Beware the tweener.

Not necessarily for the player on the opposite side of the net from the trick shot, even if it's led to some jaw-dropping winners in the past.

On Monday, the first day of Wimbledon, it was about the player who tried to execute it. When Alejandro Davidovich Fokina attempted the between-the-legs stroke, he did so with a seemingly comfortable lead over No. 7 seed Hubert Hurkacz, by two sets and 5-3, 40-0.

It was just one lost point, but the repercussions of squandering it seemed to follow the 23-year-old Spaniard all the way to this contest's rather shocking conclusion.

Davidovich Fokina, ranked 38th, is among the most dangerous unseeded players in the draw.

Davidovich Fokina, ranked 38th, is among the most dangerous unseeded players in the draw.


When Davidovich Fokina defeated Novak Djokovic at the Monte Carlo Masters in April, it was an announcement that this young baseliner had arrived on tour. But a win today over Hurkacz may have been just as noteworthy.

For one, Djokovic was playing his first match on clay of the season, and just his fourth of the year, period. Hurkacz, meanwhile, was a semifinalist at Wimbledon last year—he beat Roger Federer to reach the final four—and came into this year’s event a dark-horse title contender. Hurkacz had also just picked up his first grass-court trophy in Halle with a convincing final-round win over world No. 1 Daniil Medvedev.

When the Wimbledon draw came out, the floating Foki was hardly a name Hurkacz wanted to see.


Davidovich Fokina appeared all but certain to reach the second round in the third set, with three match points in hand, but an ill-advised tweener try went down as a tumultuous turning point. He went on to drop the next two match points, and a double-fault at deuce didn’t help matters, either.

Davidovich Fokina had plenty of time to rue those missed opportunities as a rain delay (for the second time on Monday) forced him and Hurkacz off the court before the resumption of the third set.

"There was a lot of tension," said Davidovich Fokina in the post-match on-court interview. "I just keep playing my game."


From there, Hurkacz won the next four games to get on the board, comfortably collected the fourth set 6-2, and took an early break-of-serve advantage in the fifth set. Then, serving at 5-4 with new balls, Hurkacz blinked.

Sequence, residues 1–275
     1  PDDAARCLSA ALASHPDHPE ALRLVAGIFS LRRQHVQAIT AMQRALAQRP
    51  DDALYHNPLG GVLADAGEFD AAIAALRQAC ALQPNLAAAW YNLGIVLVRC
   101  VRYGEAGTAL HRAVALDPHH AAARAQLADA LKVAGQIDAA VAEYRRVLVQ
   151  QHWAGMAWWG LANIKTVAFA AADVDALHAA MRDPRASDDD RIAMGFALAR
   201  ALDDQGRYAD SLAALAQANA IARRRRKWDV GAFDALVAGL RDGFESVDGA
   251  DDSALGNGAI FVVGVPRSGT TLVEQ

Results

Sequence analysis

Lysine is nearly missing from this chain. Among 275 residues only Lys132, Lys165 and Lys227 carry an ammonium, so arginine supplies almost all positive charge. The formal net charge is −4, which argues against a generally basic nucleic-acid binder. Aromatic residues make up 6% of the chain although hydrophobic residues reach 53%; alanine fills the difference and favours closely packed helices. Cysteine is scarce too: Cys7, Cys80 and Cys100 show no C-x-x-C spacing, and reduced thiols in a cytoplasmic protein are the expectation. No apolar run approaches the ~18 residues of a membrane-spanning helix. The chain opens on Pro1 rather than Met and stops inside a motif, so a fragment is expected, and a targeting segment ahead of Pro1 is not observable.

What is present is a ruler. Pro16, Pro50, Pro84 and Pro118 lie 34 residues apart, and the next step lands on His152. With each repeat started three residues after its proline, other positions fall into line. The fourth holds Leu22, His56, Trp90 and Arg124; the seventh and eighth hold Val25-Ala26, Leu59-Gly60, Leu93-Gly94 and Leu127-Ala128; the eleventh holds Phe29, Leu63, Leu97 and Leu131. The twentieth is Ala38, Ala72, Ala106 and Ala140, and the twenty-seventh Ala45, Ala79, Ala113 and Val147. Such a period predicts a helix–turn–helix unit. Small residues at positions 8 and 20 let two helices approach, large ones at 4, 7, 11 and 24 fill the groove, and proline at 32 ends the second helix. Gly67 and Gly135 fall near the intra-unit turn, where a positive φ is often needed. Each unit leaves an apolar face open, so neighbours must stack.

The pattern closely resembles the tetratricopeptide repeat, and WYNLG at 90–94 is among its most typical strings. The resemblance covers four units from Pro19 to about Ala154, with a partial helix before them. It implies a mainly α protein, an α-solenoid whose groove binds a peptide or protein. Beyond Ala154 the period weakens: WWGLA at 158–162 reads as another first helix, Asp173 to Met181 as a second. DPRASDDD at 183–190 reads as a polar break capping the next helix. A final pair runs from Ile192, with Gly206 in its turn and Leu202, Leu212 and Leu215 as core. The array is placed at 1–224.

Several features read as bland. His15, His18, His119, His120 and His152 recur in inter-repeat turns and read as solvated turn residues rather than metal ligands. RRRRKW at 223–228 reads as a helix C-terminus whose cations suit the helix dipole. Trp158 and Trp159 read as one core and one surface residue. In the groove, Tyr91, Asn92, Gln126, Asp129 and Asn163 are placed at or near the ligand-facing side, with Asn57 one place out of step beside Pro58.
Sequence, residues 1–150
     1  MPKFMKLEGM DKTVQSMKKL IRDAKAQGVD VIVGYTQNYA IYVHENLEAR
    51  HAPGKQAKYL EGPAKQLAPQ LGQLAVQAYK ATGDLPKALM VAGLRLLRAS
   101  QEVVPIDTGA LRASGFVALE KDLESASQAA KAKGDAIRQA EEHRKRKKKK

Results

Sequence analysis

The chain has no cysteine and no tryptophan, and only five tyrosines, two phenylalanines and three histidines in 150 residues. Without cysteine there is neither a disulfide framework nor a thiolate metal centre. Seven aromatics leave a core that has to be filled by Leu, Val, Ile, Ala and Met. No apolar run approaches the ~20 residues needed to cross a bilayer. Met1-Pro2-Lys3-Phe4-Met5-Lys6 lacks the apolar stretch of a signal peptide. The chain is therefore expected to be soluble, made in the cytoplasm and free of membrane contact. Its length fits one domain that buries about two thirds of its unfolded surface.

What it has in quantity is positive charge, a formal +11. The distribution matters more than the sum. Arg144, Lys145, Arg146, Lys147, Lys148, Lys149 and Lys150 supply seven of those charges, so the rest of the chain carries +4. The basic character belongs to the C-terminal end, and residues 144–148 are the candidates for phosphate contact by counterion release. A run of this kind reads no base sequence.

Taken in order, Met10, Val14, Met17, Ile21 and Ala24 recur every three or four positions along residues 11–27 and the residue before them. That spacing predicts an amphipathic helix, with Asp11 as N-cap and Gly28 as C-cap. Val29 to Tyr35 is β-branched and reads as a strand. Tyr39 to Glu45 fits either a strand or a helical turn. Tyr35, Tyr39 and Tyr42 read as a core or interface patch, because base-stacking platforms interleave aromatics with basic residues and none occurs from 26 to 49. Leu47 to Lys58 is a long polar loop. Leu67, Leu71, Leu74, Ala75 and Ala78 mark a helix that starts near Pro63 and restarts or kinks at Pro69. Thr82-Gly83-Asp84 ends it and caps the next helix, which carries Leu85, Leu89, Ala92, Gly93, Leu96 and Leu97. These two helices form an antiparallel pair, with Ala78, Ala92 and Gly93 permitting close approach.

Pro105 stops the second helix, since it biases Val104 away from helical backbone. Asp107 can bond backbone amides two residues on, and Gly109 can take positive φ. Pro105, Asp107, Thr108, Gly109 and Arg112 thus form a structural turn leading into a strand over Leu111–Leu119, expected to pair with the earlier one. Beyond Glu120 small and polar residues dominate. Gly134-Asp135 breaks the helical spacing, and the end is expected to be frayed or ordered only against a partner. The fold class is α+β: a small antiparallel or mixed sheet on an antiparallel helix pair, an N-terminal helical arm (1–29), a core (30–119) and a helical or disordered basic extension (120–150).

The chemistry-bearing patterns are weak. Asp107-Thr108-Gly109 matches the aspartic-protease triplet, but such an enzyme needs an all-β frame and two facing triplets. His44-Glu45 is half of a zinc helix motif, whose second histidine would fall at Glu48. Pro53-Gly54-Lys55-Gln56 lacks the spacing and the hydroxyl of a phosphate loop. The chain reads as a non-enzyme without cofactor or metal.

It wasn't a tweener that altered Hurkacz's fate, but more relaxed play from Davidovich Fokina—who at this point had almost nothing left to lose—coupled with mounting pressure on the Pole to close it out.

"Let's put the return in and see what happens," Davidovich Fokina told himself at that juncture.

He did so, and he went on to break serve to earn some unexpected new life. But shortly after, in a first-to-10-point match tiebreaker, Davidovich Fokina again trailed, 7-5.


Yet this outer-court mini-marathon had one more twist in store. Hurkacz dropped three straight points, the last two on nervy unforced errors, to give Davidovich Fokina a 9-7 lead. And while one more match point came and went, the Spaniard finally converted on the fifth, after an ugly Hurkacz third-ball miss into the net.

"Really, don’t know how I win this match," Davidovich Fokina said with a grin. "So much confidence to myself, I’m so happy."

The two had split their four prior clashes, with none coming on grass. As Steve Tignor noted in today’s previews, there’s something about ADF’s muscular baseline game that the 6’5”, lithe Hurkacz doesn’t like. But for all his gifts and skill, Davidovich Fokina had never won a match at main-draw match at Wimbledon.

He did, however, win a junior title at the All England Club in 2017. Which surely makes this maiden main-draw win—7-6 (4), 6-4, 5-7, 2-6, 7-6—all the more sweet.

"It means a lot," he said. "I had a lot matches against Top 10 [players] that I didn’t win. But with this win on grass, I can beat anyone."